Peter Layton's response to my post on Kevin Rudd's Pax Pacifica ends our blogging year on an appropriate note, reminding us of how momentous the issues are that we face in Asia's strategic future. Two quick points in response.

First, I don't think the evidence justifies Peter's hope that Rudd is any less 'realist' than I am. Rudd has often described himself as a realist, and even as a 'brutal realist' in his famous wikileaked comment to Hillary Clinton.

Both Rudd and I argue that Asia needs to build a new order to accommodate China's power and manage the rivalry that occurs when power shifts between states. It is true that Rudd says we should build that order through region-wide multilateral forums, while I put more faith in smaller groupings of great powers. But that is a difference of process, not outcome.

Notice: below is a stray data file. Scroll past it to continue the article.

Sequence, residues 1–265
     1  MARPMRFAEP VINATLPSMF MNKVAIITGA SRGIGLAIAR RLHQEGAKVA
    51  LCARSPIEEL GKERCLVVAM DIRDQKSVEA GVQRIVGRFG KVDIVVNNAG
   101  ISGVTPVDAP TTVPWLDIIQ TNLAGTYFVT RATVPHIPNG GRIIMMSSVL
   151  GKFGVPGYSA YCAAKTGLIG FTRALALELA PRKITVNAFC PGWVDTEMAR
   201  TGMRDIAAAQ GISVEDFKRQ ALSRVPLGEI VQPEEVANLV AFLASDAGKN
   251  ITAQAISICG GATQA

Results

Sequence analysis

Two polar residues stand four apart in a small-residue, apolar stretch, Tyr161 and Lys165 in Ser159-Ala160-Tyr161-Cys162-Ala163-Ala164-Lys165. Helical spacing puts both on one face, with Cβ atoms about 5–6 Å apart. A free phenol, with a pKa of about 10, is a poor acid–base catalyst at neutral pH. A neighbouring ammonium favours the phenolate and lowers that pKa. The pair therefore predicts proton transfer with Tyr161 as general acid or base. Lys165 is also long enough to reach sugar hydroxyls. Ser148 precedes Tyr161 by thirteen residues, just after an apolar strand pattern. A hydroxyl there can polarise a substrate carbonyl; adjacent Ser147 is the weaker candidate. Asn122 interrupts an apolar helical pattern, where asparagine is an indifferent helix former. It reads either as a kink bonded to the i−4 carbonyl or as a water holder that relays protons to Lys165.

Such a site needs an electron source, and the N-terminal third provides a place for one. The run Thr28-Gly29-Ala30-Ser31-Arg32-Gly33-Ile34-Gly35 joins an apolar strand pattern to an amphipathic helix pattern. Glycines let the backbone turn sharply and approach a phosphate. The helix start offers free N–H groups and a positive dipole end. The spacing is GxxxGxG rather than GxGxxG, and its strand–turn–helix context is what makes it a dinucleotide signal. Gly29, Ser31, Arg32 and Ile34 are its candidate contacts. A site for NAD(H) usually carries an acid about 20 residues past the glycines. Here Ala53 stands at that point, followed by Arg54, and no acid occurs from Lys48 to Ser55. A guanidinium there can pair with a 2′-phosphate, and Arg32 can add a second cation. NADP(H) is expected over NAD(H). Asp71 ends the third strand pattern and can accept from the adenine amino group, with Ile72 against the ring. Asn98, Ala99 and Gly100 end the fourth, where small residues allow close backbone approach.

Which brings us to the second point. Whatever Rudd's views may be, Peter raises a serious question about the kind of outcome we should be after in Asia. Should we aim for Peter's more optimistic outcome, which is a regional order that does not have conflict in its DNA? Or should we content ourselves with the less ambitious goal of managing the reality of rivalry and the risks of conflict as best we can?

Well, these are not mutually exclusive alternatives. One might say that the first step towards eliminating strategic rivalry, as they have done in Western Europe, is to manage it effectively. My realist order might be the best, or only, way to reach Peter's post-strategic nirvana. And meanwhile, the Senkakus shows how serious and urgent are the issues to we need to manage. In this situation, as Voltaire said, the perfect can be the enemy of the good.

Photo by Flickr user theogeo.